Changing Medications (Talk to Your Doctor)
It’s not always possible to change your medications just to fix dry mouth, but sometimes it’s an option. Your doctor or pharmacist may be familiar with drug alternatives that are less likely to cause decreased saliva flow. It’s worth asking if you really need to take something but notice xerostomia throughout the process.
Whatever you do, don’t stop taking your medication without first discussing the situation with your physician. There’s a reason why your doctor told you to take it, and the trade-off (as problematic as dry mouth can be) may still not be worth the risk of cutting off your medication cold turkey. Communication is key.
Drinking More Water
If you have a dry mouth, water is your best friend. You’ll want to rinse with water after meals to help cut down on acids, sugars, and food residue. But sipping on water frequently throughout the day will also help to keep your mouth lubricated. Most of us don’t get enough water intake anyway, so drinking more is good for our bodies overall.
For those of us who might not have the largest bladders, tiny sips here and there really won’t hurt all that much. But if they do, you still have the option of just rinsing your mouth every so often (like mid-day at the bathroom sink.)
Tip: if you’re drinking more water, try to get it straight from the tap. Tap water has regulated fluoride levels, making it better for your mouth and body in general. Some commercial bottled waters don’t have monitored fluoride content and can actually have a slightly acidic pH level, making them not as great for your enamel.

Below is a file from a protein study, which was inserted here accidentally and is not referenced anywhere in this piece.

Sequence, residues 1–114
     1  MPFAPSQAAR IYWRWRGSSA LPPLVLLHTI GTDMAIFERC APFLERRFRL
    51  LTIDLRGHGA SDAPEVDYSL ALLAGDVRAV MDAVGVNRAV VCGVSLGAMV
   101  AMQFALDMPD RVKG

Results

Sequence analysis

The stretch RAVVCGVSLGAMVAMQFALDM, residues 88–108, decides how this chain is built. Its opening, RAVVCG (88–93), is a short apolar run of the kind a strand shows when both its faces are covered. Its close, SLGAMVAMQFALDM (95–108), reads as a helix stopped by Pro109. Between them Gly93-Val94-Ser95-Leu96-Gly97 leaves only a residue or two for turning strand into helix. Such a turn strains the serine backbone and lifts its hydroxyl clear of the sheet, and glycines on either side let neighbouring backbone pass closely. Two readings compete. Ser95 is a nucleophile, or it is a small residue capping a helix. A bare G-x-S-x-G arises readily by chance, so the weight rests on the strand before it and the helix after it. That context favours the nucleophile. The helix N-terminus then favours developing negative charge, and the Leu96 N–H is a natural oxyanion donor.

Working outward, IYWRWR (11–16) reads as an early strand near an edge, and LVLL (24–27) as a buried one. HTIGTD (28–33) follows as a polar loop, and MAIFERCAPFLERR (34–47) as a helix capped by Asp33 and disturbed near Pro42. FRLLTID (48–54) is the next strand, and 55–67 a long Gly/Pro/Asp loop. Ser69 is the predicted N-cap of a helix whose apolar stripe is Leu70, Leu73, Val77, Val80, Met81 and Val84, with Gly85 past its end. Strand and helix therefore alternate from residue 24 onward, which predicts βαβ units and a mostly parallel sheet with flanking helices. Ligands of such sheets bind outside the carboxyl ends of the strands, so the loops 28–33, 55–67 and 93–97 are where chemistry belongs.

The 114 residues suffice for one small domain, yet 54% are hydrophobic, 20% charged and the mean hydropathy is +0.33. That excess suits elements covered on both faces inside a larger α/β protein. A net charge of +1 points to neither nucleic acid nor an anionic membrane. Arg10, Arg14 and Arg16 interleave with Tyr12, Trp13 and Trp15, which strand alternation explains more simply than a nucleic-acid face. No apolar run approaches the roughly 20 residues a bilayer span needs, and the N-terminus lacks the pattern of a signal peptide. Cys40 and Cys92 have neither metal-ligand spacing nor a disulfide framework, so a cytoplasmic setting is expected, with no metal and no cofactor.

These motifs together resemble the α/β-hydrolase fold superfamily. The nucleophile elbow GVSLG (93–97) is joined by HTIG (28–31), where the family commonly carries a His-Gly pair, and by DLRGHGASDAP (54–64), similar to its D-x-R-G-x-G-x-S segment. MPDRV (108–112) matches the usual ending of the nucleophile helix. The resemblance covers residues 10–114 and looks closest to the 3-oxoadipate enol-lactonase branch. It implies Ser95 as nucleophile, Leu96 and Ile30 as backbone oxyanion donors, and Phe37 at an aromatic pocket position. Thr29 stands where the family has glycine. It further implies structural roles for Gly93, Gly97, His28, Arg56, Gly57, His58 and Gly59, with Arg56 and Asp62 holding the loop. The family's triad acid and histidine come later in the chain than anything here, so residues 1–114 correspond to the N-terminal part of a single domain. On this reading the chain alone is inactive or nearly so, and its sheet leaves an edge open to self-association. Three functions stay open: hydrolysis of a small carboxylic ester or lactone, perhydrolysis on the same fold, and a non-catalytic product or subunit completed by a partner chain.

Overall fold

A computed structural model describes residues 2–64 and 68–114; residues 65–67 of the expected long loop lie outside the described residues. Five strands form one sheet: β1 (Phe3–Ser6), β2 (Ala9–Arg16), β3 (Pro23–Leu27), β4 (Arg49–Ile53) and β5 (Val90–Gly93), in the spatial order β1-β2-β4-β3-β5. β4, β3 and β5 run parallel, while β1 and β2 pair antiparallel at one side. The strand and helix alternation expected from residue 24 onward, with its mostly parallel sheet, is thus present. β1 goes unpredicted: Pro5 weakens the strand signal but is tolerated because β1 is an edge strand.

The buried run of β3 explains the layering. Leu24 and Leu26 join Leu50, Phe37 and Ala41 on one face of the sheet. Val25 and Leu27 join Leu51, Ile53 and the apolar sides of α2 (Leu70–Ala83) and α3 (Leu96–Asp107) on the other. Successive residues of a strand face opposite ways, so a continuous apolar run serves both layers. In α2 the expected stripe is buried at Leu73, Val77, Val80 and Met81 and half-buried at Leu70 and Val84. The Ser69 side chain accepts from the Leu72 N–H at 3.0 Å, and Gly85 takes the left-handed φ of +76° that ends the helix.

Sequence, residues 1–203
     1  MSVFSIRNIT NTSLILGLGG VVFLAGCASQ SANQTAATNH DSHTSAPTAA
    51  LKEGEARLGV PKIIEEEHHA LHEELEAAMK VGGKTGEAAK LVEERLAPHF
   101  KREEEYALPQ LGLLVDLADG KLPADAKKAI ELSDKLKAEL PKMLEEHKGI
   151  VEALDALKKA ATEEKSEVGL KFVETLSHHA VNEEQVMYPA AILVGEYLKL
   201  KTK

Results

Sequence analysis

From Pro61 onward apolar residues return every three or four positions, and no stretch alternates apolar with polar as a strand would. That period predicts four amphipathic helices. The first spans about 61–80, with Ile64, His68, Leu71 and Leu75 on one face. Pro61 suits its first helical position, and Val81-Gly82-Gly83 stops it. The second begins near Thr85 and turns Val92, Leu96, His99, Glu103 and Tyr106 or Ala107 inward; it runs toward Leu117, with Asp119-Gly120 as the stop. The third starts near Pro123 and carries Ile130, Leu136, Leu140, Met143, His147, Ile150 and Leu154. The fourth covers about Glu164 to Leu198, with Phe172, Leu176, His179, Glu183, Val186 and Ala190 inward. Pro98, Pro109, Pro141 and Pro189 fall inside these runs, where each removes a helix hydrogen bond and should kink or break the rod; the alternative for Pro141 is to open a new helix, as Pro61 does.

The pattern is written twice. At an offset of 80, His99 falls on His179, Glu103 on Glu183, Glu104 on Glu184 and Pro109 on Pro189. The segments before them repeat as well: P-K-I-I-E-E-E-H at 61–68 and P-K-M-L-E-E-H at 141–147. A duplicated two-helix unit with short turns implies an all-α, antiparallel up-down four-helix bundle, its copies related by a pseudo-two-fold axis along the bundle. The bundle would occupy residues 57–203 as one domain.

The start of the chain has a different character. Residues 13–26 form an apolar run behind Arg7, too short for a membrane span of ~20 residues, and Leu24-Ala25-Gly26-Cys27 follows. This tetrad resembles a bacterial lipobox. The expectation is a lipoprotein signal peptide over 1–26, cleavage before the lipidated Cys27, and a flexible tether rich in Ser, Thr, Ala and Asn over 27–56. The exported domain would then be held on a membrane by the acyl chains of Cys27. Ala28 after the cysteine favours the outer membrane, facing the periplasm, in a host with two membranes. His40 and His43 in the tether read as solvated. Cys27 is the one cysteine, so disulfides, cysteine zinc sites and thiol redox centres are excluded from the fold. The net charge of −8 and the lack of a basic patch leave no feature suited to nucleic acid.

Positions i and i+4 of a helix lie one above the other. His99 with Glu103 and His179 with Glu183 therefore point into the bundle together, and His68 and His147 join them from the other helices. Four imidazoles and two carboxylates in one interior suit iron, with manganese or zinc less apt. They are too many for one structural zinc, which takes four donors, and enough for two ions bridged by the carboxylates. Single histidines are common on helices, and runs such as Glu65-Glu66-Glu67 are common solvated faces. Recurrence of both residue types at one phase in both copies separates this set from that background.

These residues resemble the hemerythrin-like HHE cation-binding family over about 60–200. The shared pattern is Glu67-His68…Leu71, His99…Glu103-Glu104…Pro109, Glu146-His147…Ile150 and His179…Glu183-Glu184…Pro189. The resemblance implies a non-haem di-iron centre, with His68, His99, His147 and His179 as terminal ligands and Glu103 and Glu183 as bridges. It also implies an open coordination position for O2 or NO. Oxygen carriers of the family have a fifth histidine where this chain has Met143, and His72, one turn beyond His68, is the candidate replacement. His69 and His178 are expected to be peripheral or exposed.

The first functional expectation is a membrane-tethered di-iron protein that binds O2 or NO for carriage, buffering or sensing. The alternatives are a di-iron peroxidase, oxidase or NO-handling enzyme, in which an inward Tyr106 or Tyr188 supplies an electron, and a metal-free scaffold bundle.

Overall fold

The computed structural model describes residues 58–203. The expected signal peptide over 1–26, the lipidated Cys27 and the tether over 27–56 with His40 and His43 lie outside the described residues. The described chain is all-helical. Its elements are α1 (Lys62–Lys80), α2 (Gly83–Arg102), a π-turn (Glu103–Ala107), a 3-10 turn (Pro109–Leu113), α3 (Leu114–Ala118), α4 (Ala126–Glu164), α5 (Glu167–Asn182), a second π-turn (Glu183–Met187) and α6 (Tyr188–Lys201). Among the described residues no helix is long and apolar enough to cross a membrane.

Using Products Tailored for Xerostomia
If you’re looking for some over-the-counter products that can help with dry mouth, look for xerostomia mouth rinse, toothpaste, lozenges, and sprays. Each of these products helps to moisturize the inside of your mouth, giving you the lubrication you need for everything to move around easily while you’re eating or talking.
Fair warning, dry mouth products might make your mouth feel a little “slimy” at first, especially if you’re not used to them. But if you can get over the slightly slick sensation, they can help immensely. Even if you’re wearing a denture or partial.
Chewing Sugar-Free Gum
Sometimes all your body needs is a little stimulation to get the saliva flow going. If you only struggle with dry mouth at certain times of the day, adding sugar-free gum to your routine can help. When your mouth is chewing, your brain naturally tells your saliva glands to start producing and secreting saliva, because saliva helps with digestion. Chewing gum is like cheating the system!
But not just any gum or mint will do. Many contain sugar or artificial sweeteners that still breed bacteria and feed acids, contributing to tooth decay. Look particularly for gum that contains xylitol. Xylitol physically cuts down on plaque inside your mouth. You can also buy it in spray form at some health food stores. We don’t recommend sucking on xylitol mints frequently throughout the day—once in a while is fine—because ingesting too much of it can irritate your stomach. That’s why it’s not recommended for baking or cooking.
Use Fluoride if You Have Dry Mouth
Last but certainly not least, make sure you’re supplementing with fluoride. An over-the-counter fluoride mouth rinse can definitely help to counteract the unwanted side effects of dry mouth (like tooth decay.) But if your xerostomia is severe, our Raleigh dentist will want to prescribe a stronger fluoride gel to use at night before you to go to bed. When you sleep, your saliva flow slows down even more, so it’s a great time to apply topical fluoride to your tooth enamel.
During your checkup, we’ll also apply a professional-grade fluoride varnish to your clean teeth. Although it’s a bit sticky, it works quite well!
Don’t Let Dry Mouth Destroy Your Smile
Chronic dry mouth can lead to serious tooth decay across your smile. It can also contribute to bad breath. If you notice a lack of saliva flow, talk to our Raleigh dentist about ways to reduce your risk of developing cavities. Frequent checkups and even prescription-strength fluoride can help you preserve healthy tooth enamel.
If it’s been longer than six months since your last checkup or you notice significant changes in your saliva flow, call Raleigh Dental Arts today to request an appointment.